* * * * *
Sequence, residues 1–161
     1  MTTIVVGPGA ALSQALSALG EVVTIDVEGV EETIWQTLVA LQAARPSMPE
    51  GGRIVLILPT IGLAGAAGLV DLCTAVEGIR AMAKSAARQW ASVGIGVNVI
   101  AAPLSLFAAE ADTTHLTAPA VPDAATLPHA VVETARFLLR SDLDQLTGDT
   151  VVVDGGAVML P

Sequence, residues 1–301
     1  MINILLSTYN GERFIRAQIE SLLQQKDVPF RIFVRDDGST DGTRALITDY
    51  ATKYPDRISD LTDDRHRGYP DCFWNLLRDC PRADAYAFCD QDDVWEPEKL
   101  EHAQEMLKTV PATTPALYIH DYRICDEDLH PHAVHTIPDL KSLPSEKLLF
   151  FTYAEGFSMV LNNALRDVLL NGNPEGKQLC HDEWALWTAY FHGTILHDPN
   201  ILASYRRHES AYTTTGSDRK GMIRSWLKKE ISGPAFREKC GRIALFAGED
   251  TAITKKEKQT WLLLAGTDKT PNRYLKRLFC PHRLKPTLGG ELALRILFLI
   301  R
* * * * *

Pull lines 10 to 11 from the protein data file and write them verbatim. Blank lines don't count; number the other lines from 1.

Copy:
   151  FTYAEGFSMV LNNALRDVLL NGNPEGKQLC HDEWALWTAY FHGTILHDPN
   201  ILASYRRHES AYTTTGSDRK GMIRSWLKKE ISGPAFREKC GRIALFAGED